Remember we’re not all experts: Not every user that comes to your site is an expert so make certain that the page is usable by others as well. That means putting the more basic structures and decisions on top and putting the stuff that the advanced users need deeper in the navigation where they can find it. Don’t overwhelm users with too many choices right from the bat, because, as the tyranny of choice teaches us, then they might just run for it. And if they do something wrong, use error messages to inform, not just frustrate.
Finally, be ethical in what you’re doing. Remember that what we’re doing here can subconsciously influence users to a great degree and make them do things they otherwise might not have. That gives you a lot of power, which you can use to make people’s lives worse rather than better.
What’s more, those people who are the most vulnerable to such manipulations – e.g. the gullible, the less educated, or those with lower intelligence – are likely the ones who are the least able to deal with the consequences of having been manipulated. They might not have a safety net, they might already be deeply in debt, or they might have been manipulated by other people already.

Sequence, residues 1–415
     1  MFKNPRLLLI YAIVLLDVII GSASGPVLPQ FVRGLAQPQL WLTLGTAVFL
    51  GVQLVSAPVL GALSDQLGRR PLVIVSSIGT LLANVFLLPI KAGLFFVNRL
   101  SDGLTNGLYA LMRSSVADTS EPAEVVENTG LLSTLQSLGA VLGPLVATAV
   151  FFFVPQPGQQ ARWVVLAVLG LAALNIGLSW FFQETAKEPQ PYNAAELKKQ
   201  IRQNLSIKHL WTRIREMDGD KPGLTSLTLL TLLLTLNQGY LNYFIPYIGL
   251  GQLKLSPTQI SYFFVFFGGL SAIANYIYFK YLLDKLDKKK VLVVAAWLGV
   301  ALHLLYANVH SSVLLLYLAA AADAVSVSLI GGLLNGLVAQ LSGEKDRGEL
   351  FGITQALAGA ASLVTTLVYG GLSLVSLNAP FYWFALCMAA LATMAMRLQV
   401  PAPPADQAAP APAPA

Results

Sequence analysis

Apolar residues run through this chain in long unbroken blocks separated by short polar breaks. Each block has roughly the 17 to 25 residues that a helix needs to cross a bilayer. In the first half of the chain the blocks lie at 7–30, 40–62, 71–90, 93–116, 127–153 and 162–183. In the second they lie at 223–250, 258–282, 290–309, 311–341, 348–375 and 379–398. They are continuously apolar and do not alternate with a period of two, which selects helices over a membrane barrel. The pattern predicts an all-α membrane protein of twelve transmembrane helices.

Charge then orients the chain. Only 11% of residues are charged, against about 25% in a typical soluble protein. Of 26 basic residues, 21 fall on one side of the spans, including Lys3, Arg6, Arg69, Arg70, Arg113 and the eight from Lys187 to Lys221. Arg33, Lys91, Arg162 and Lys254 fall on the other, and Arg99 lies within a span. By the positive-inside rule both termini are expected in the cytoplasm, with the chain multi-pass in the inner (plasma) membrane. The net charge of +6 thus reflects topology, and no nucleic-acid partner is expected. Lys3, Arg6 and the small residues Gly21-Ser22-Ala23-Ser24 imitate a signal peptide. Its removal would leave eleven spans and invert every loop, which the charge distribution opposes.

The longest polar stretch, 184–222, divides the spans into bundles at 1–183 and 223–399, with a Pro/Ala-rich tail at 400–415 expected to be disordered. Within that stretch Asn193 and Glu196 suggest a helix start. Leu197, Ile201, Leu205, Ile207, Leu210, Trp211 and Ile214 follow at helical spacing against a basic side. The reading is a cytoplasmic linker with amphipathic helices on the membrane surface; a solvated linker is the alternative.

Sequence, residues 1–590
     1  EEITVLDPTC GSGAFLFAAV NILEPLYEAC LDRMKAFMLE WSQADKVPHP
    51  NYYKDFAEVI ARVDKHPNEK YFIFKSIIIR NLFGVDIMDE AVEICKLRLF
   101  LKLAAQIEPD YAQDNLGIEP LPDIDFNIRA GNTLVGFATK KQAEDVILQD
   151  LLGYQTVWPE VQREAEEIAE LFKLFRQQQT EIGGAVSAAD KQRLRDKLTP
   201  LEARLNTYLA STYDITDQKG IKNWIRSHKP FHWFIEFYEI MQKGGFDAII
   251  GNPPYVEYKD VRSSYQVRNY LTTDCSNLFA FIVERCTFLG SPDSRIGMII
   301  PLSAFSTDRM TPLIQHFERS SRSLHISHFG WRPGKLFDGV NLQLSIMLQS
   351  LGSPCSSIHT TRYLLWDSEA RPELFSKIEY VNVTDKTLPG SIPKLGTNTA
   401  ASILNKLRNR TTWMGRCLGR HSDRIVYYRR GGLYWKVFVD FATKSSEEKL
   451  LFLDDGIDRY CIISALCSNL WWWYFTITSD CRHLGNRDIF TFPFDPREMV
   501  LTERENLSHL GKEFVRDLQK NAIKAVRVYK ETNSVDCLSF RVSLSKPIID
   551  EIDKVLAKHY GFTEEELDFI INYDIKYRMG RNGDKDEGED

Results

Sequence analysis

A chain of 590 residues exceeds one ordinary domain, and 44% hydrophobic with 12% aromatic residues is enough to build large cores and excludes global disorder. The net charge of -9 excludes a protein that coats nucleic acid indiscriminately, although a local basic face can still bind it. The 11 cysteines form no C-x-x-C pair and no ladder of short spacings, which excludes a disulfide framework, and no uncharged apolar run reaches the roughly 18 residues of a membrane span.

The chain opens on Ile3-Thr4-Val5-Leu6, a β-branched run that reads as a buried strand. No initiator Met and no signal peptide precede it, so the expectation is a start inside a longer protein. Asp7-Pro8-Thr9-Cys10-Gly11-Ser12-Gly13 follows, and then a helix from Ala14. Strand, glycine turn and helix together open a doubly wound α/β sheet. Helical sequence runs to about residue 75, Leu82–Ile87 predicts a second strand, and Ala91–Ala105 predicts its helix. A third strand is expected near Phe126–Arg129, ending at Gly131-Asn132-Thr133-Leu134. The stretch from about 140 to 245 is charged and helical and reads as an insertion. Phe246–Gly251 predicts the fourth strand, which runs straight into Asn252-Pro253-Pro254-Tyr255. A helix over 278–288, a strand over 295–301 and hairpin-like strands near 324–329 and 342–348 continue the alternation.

So please try to do some good. Instead of creating yet more problems, make people smile, feel special and brighten their days. Because, even if you nudge a person only a little, when you reach out across enough people those nudges can cumulatively make a world of difference.
So please use that power to make the world a better place. After all, we’re all in it together.
Norman Arvidsson is a passionate author who was born in Sweden but then moved to the United States with his family. Now his goal is to share his experience with others through blogging. He is familiar with such areas as web dev and design, marketing, blogging, freelancing, startups, small business, self-development, and eLearning. Considers personal growth as the main goal in his life.